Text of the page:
8. The air intake assembly should now be free to lift up and flip back over the engine. It is not completely detached, but it is enough to get it out of the way.

Throttle body and throttle plate to be cleaned.
Throttle body and throttle plate to be cleaned. Place rags under the opening to catch any excess cleaner. Click image to enlarge.
With the air intake assembly out of the way, you can now get to the throttle body and throttle plate well enough to clean them. Before you start spraying cleaner everywhere, first put some rags down below the throttle body opening to catch any excess cleaner runoff. The cleaner can ruin any rubber or plastic that it contacts. As you can see in the picture to the right, the throttle body is the metal housing. The throttle plate is the butterfly valve inside the throttle body. Go ahead and manually rotate the butterfly valve by pushing on it to see how it works.

Cleaning the Throttle Body

Dirty throttle body and plate.
Dirty throttle body and plate (especially where the arrow is pointing). Click image to enlarge.
You can see in this picture (click on it to enlarge it) how dirty the perimeter of the throttle plate gets. Do you see all of that black gunk all the way around where the throttle plate contacts the throttle body? That gunk is what needs to be cleaned up because it can make the throttle body and plate stick together so that the engine cannot accelerate.

Turn the throttle plate to clean all the hard-to-reach places.
Turn the throttle plate to clean all the hard-to-reach places. Click image to enlarge.
To clean it, spray a little bit of the cleaner on the black gunk. You probably will not be able to get it clean simply by spraying, so you will also need to either wipe it away with a rag or scrub it away with something soft like a toothbrush. I recommend using a toothbrush, it will be much easier. As you clean, also turn the throttle plate as you do it (see picture at right) so that you can get the areas of the throttle body that are behind the plate and so that you can get the backside of the plate, too.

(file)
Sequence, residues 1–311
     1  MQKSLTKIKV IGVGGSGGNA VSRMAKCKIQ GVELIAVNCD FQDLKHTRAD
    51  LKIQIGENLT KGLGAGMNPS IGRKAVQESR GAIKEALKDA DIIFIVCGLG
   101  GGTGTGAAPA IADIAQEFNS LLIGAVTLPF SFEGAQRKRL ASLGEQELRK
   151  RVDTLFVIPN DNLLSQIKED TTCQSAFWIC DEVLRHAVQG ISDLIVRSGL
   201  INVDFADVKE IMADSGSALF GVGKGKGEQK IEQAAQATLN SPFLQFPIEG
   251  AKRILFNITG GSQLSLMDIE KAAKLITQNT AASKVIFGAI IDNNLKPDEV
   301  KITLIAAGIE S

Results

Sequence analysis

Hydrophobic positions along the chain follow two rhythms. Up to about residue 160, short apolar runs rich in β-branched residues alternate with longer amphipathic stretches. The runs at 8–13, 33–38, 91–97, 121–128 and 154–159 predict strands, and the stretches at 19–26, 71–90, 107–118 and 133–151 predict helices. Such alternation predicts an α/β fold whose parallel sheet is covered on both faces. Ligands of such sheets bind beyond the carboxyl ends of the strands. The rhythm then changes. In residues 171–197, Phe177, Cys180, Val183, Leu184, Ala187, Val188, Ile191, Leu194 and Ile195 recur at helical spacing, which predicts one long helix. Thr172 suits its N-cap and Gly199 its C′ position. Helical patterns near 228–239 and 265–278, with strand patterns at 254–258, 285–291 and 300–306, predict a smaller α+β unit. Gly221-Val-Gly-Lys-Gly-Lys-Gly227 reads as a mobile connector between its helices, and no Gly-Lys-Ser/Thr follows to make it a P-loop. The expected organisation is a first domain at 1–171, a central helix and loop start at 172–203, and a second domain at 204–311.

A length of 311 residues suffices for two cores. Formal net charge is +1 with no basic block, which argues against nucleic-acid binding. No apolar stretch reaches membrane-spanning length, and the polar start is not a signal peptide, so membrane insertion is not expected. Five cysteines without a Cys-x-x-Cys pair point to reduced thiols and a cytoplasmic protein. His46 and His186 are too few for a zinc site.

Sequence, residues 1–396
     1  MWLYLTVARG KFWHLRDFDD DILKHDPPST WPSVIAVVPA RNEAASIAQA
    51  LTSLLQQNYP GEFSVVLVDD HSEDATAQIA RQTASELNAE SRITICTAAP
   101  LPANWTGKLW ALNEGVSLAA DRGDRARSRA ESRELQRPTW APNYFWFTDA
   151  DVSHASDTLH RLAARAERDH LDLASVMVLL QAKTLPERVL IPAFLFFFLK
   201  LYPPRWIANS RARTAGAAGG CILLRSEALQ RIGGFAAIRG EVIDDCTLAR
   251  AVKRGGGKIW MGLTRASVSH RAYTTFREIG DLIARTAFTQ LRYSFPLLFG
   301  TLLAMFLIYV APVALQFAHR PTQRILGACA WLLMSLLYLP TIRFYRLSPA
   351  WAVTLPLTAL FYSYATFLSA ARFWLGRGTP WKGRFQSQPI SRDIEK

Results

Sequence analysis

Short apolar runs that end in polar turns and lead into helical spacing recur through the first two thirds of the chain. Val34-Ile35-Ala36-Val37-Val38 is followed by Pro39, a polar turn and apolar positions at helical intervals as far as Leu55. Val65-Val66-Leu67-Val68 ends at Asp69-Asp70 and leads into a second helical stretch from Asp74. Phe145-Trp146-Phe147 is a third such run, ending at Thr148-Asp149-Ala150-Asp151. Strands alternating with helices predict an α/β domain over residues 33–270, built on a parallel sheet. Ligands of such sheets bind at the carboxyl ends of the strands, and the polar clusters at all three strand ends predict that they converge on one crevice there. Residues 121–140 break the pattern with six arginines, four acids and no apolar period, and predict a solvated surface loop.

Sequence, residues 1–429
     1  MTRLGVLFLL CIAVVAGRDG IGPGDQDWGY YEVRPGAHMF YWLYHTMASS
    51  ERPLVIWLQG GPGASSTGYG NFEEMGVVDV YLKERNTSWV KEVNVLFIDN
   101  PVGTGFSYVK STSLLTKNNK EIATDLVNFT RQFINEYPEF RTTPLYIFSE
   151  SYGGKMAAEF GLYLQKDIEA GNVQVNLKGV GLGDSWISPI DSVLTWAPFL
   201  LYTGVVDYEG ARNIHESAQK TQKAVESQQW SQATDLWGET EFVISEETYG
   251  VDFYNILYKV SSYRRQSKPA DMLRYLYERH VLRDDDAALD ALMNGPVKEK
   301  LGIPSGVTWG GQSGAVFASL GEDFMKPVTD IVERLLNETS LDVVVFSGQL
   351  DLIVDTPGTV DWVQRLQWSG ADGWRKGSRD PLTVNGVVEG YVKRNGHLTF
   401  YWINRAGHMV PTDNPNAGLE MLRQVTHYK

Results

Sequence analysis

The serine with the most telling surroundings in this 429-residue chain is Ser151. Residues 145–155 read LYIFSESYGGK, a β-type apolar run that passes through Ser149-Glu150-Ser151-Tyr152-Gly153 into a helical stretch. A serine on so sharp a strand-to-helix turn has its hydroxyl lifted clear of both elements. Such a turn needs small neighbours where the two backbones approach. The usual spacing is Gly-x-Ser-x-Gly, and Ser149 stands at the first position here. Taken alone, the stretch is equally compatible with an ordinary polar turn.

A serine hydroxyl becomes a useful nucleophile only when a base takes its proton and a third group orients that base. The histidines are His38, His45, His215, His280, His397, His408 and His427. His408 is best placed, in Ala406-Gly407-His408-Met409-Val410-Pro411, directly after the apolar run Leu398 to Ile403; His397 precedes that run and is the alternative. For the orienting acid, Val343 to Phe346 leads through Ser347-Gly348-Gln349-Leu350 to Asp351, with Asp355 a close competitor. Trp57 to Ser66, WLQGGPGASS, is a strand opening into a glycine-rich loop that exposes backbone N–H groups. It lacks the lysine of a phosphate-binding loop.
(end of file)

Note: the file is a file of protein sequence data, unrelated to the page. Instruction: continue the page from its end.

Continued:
Throttle body that is now all clean.
Throttle body that is now all clean. Click image to enlarge.
When you are all done cleaning, there will not be any of the black gunk remaining. See picture at the right of the clean throttle body and plate. (Sorry that the picture is a little blurry.)

Re-assembly

The engine with the air intake hose reassembled.
The engine with the air intake hose reassembled. Click image to enlarge.
Now that you are done cleaning, remove the rags and reassemble the air intake hoses, clamps, and clips in the reverse order that you disassembled them. Don’t forget any of them! (I forgot one of them in this picture – can you spot it?)

Final Steps

If you can, wait an hour or two before starting your car. That way if any excess cleaner dripped down further into the engine past the throttle body, then it will have a chance to evaporate. If you were very careful when you cleaned it, then you might not have gotten any excess down there. However, I knew I had gotten some down there so I waited about 2 hours. After 2 hours the engine didn’t want to start for a few seconds, but then started right up after that and hasn’t had any problems since then. The original problem describe at the beginning of this post (the vehicle having problems accelerating on cold mornings) also went away.

Oh, and one more thing. Don’t use the toothbrush as a toothbrush anymore, throw it away.

4 thoughts on “How to clean air intake throttle body – 2001 Toyota 4Runner”

  1. An additional optional step you can take at the end to save a little fuel is to reset the ECU. Auto shops usually do this with an OBD2 computer, but many modern cars allow you to do a few simple things by holding down some buttons on the radio. (It’s different for every car, so you’ll have to look it up, but it’s good information to know in general!)

  2. An excellent write-up. Many thanks.
    My 2002 Ltd was exhibiting the exact same problems and as you say, it is very dangerous when the vehicle fails to proceed especially in a left turn situation. No amount of gas pedal would make it move…then it would…..Very odd.
    Time will tell if I have solved the problem following your very helpful instructions.

  3. be careful, that black film around the butterfly might not all be gunk. it could be moly paste, a high-temp, high-pressure sealant applied at the factory. it’s used to reduce metal to metal friction as well.

    i discovered this when i was cleaning my 2012 mitsu outlander TB.